Driving school

COVID-19 protocols, policy leading principals to leave in large numbers

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It has been widely reported that there is a shortage of teachers these days. But there is a growing crisis of who will lead them. Principals are leaving the profession in droves with about 1,500 to 2,000 leaving this school year, according to consulting firm Ray & Associates, which works with school boards to find candidates.

There’s no doubt that COVID-19, mask mandates, virtual learning and more are contributing factors, but that’s not all.

“Superintendents spend a lot of time addressing sociopolitical concerns and not nearly the time they want to spend on student development and academic success,” Michael Collins, president of Ray & Associates, told Fox News.

Another factor is that once sleepy school board meetings have heated up in recent months, parents have grown increasingly frustrated with COVID issues and what is being taught in classrooms.

Pupils attend class on the first day of school for the 2021-2022 year at the Gounod Lavoisier primary school in Lille, northern France, September 2, 2021.
(AP Photo/Michel Pinler)

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With meetings streamed online, a superintendent candidate can see the challenges and tensions in a particular school district early in the interview process.

“They’ve always done their homework, but now they have the opportunity to see board members to see where they stand in the policy arena and how they interact with each other before they even submit an application,” said Molly Schwarzhoff, executive vice president of Ray & Associates. , noted.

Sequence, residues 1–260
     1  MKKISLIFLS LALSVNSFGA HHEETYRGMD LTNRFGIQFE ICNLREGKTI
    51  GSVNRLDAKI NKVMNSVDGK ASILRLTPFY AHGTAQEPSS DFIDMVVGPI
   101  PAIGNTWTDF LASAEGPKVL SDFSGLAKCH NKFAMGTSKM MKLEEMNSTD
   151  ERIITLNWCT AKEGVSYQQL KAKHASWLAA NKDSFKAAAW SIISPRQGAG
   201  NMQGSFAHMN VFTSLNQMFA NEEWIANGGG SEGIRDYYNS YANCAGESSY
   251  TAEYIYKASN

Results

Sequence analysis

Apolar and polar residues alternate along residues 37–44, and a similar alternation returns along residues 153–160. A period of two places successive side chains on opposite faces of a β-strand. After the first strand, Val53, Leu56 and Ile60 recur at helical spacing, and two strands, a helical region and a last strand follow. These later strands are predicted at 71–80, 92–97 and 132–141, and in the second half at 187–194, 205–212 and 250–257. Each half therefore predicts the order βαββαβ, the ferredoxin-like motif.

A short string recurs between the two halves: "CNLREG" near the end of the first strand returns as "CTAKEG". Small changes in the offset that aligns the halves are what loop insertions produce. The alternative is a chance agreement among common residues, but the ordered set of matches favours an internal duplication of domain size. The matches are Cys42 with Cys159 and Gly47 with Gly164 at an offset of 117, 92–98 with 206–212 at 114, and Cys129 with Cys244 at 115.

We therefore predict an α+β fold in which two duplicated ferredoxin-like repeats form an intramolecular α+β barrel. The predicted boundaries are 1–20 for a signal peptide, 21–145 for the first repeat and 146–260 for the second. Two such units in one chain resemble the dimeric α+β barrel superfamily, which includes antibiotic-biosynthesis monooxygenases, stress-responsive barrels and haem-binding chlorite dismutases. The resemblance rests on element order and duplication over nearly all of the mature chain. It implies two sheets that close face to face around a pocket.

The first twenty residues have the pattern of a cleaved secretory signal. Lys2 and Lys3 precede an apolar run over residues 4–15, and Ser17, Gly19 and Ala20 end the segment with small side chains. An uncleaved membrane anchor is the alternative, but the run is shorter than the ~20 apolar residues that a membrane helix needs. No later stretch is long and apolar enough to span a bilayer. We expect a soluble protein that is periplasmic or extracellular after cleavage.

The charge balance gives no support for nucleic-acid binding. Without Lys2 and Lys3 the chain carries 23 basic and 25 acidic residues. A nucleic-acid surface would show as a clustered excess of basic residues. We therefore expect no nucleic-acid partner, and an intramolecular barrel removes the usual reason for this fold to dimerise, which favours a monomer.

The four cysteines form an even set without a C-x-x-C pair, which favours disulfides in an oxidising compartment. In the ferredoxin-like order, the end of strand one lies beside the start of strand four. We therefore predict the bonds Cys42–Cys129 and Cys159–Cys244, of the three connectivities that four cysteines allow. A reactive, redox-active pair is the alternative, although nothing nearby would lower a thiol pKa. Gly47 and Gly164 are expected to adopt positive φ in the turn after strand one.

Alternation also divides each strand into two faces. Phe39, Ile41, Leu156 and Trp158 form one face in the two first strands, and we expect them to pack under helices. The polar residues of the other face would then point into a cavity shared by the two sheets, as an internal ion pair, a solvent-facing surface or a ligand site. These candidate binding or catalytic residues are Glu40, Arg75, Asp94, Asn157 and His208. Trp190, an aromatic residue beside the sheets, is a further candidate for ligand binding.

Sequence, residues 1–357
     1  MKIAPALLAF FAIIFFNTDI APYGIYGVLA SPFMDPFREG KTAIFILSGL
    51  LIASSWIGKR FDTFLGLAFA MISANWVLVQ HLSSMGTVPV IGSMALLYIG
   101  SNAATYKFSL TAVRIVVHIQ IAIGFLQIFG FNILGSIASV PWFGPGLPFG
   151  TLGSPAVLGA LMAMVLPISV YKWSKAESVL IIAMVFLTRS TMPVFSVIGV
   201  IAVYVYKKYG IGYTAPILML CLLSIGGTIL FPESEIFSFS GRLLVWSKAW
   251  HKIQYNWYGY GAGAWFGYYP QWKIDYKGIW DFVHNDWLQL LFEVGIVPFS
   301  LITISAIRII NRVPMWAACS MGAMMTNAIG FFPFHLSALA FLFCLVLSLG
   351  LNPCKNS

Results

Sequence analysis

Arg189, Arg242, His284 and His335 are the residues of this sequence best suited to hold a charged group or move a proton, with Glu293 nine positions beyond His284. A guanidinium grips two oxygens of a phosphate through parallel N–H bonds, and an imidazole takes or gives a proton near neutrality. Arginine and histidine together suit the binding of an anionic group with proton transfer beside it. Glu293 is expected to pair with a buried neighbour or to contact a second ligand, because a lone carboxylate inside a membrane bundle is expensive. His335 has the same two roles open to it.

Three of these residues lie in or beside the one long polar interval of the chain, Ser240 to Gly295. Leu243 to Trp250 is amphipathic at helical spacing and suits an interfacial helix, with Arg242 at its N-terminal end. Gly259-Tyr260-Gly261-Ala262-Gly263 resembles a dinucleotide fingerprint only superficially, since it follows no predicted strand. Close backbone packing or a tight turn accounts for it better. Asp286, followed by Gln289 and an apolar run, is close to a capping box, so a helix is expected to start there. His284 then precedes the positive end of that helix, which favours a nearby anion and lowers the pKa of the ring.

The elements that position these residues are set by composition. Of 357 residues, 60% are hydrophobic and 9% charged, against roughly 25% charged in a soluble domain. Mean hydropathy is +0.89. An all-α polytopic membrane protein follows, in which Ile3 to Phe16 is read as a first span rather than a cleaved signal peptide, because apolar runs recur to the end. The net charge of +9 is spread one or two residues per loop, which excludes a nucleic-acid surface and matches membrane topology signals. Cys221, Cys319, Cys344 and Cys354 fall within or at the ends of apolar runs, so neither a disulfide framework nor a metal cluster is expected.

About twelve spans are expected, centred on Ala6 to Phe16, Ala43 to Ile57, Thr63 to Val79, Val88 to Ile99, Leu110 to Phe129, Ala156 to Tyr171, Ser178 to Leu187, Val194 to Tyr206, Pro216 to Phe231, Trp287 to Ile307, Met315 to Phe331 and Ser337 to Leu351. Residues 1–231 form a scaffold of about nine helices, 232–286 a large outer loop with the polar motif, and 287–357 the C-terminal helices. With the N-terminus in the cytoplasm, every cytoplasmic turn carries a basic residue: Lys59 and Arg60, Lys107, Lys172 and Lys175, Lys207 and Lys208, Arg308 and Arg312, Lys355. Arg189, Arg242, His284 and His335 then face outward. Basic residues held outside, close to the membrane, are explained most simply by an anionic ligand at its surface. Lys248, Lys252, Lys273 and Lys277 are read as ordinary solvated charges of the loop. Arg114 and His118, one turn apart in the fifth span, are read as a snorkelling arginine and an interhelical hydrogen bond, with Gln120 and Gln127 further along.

“It’s just important that these councils realize that they’re being watched and they’re being interviewed. It’s a two-way street now. That’s kind of what COVID has done is they’re have opened up this two-way street for interviews.”

Debra Pace is the superintendent of schools in Osceola, Florida. She runs a school district of 70,000 students and describes it as a 24/7 job all year round.

Pace says she stayed in her job in part because Osceola is her home and her children were educated there in the school system.

“I especially feel a strong need to take us to the other side of the pandemic, to bring us back to a true sense of what is normal and, most importantly, to help children catch up on the learning that has been lost. lost and to help support our teachers and know that I’m here for them,” Pace told Fox News.

A child wearing a mask arrives at school during the COVID-19 pandemic in the Manhattan borough of New York on January 5, 2022.

A child wearing a mask arrives at school during the COVID-19 pandemic in the Manhattan borough of New York on January 5, 2022.
(REUTERS/Carlo Allegri)

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Pace says the superintendents leaning on each other has been a big help.

“Certainly, because we all face the same challenges with masks and no masks and face-to-face learning versus digital learning and the socio-emotional needs of our children now that they are all back. in the building,” Pace said. “And even our staff, we still see the stress of the pandemic on their shoulders. So this ‘phone a friend’ concept is really, really helpful in helping you with issues.”

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